Positioned on a central ridge 24 of the groove 20C for the spring 14 connecting to the ground wire 4C (as shown in FIG. 2) is a programmable finger packet 21 having six programmable fingers 22A, 22B, 22C, 22D, 22E and 22F as shown in FIG. 3. One end 21A of the packet 21 contacts the spring 14 in the groove 20C to electrically connect the packet 21 to the ground wire 4C. Each of the fingers 22 A-F can be selectively connected to the grounding conductive trace 17 to selectively ground a corresponding one of six programmable inputs (nodes) on the chip 12. With reference to FIG. 6, finger 22A can be selectively connected to trace 17A, finger 22B to trace 17B, finger 22C to trace 17C, finger 22D to trace 17D, finger 22E to trace 17E and finger 22F to trace 17F.
The finger packet 21 shown in FIG. 2 lies on ridge 24 in cavity area 7 of the module and is seen to have some of its fingers 22 A-F making contact with the grounding conductive trace 17 on the lower surface 6B of chip carrier 6 and some not making contact therewith. Each finger 22 A-F which makes contact with the conductive trace 17 (FIG. 5) on the undersurface 6B of the chip carrier 6 will result in a logic 0 being programmed into the corresponding programmable input of IC chip 12 since the input is grounded. However, if a finger 22 A-F is bent so as not to contact conductive trace 17, a logic 1 will be inputted to the chip 12 since the connection to ground is broken.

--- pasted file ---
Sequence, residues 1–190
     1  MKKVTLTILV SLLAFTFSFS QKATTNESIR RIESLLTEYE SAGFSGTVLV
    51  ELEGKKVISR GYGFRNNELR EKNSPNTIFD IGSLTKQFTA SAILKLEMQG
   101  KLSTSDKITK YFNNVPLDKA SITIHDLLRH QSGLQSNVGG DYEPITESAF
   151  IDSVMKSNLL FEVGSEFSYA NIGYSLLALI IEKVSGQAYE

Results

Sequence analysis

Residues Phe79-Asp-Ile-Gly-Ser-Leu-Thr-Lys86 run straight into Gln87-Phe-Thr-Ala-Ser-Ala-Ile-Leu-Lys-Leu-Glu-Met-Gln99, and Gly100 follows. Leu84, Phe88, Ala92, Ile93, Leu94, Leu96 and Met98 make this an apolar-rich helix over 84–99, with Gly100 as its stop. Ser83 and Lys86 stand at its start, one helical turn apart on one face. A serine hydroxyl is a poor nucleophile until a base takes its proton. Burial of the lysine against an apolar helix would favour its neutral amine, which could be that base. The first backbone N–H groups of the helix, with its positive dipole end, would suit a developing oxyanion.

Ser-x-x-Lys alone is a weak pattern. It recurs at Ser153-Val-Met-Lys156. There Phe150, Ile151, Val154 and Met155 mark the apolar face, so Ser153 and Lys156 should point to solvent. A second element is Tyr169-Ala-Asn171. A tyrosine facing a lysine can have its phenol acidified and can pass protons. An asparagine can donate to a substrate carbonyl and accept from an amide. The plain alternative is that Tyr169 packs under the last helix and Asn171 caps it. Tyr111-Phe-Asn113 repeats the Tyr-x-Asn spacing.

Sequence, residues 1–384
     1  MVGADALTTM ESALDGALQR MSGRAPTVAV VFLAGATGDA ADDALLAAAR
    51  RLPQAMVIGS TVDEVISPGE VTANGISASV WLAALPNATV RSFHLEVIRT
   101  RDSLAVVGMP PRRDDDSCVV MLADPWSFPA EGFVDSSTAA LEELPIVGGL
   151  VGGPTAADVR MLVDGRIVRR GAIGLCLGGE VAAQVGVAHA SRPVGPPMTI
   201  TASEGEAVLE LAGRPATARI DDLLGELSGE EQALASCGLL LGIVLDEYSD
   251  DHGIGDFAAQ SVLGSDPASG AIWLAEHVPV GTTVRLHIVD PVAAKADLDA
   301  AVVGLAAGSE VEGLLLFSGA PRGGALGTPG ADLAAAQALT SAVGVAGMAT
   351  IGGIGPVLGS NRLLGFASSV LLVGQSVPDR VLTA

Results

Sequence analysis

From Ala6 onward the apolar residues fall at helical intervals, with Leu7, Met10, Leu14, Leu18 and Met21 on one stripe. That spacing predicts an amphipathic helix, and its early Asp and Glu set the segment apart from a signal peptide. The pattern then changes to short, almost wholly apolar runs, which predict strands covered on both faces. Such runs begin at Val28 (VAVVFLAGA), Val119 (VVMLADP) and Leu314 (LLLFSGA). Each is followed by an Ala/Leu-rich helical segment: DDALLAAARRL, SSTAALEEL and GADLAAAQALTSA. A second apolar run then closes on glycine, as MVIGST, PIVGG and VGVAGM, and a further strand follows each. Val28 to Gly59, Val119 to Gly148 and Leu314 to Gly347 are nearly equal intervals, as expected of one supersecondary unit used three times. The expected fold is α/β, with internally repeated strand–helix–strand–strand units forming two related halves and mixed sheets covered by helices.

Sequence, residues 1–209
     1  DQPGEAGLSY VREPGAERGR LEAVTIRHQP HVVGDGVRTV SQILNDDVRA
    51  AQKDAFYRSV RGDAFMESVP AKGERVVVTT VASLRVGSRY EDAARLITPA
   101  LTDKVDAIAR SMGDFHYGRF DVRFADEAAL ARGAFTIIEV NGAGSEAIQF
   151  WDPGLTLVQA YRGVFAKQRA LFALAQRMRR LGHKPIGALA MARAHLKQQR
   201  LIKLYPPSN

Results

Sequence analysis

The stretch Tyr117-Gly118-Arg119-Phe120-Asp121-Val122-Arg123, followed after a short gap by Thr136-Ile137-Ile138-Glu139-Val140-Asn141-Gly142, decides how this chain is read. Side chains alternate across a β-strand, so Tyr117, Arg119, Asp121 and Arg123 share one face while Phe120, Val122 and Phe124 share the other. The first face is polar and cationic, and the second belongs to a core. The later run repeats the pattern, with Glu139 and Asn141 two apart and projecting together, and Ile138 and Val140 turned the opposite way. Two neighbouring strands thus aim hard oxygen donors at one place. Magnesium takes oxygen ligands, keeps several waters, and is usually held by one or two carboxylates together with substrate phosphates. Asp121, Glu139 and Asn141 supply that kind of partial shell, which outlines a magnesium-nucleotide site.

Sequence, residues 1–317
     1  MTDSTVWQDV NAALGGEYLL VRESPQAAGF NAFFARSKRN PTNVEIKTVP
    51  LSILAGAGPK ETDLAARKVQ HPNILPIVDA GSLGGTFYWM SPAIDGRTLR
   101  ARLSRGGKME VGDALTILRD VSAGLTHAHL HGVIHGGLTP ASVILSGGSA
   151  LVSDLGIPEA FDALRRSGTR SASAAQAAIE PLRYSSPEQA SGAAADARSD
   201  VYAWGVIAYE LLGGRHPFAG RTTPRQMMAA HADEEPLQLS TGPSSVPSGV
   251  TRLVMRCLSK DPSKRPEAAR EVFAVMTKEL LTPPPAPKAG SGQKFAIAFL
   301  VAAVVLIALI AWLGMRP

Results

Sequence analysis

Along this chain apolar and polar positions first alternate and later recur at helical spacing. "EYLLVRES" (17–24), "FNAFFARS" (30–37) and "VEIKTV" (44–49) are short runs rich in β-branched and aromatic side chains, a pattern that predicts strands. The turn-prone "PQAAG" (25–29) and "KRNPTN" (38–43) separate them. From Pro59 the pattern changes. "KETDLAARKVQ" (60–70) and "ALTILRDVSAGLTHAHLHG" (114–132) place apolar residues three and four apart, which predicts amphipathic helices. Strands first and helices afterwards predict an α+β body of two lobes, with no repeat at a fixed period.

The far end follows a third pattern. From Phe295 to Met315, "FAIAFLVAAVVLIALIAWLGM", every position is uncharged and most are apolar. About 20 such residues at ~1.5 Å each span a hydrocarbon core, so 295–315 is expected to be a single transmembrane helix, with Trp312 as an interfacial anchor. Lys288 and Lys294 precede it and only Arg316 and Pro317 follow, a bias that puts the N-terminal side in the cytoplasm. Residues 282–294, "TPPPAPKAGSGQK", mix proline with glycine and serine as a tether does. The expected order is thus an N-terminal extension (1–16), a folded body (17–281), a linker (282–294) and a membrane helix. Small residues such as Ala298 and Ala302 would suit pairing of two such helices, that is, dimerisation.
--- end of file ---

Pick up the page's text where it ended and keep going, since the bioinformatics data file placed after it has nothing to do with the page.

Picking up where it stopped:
The six programmable fingers (22A, 22B, 22C, 22D, 22E and 22F) of finger packet 21 can be utilized to designate a particular address and input-output configuration for a particular module. Four of the fingers are used to designate a particular address; thus in binary fashion, 16 addresses are possible (from address 0 to 15). The remaining two fingers are used to designate the input-output configuration of the module. Thus, it is seen how traces 17 A-F function as programmable inputs to the chip carrier 6 and to the IC chip 12, and how programmable packet 21 functions as means for programming IC-chip 12.
The use of the programmable finger packet 21 permits each chip carrier 6 to be identical, thus facilitating their replacement in the field (the replacement also being eased by the compression of the spring clips 14 urging the chip carrier 6 away from the base 2). The programming of the finger packet 21 is done at the harness level (i.e., when connecting the bus wire to the input/output devices) with an automatic wiring machine. Once programmed, any chip carrier 6 can be substituted into the base 2.